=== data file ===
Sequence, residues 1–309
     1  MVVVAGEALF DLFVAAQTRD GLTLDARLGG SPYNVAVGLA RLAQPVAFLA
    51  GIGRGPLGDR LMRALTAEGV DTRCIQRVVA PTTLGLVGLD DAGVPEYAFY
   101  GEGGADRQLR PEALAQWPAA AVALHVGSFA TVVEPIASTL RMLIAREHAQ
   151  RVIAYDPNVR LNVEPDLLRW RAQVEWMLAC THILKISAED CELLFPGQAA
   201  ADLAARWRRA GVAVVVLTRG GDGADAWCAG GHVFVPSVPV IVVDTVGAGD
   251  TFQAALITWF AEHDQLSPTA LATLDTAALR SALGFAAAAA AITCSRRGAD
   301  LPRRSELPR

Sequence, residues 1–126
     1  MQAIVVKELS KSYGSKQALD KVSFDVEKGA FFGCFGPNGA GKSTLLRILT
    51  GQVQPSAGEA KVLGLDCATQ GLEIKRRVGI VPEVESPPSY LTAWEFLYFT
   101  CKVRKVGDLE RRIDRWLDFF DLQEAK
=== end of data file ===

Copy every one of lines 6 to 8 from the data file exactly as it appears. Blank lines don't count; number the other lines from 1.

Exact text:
   201  ADLAARWRRA GVAVVVLTRG GDGADAWCAG GHVFVPSVPV IVVDTVGAGD
   251  TFQAALITWF AEHDQLSPTA LATLDTAALR SALGFAAAAA AITCSRRGAD
   301  LPRRSELPR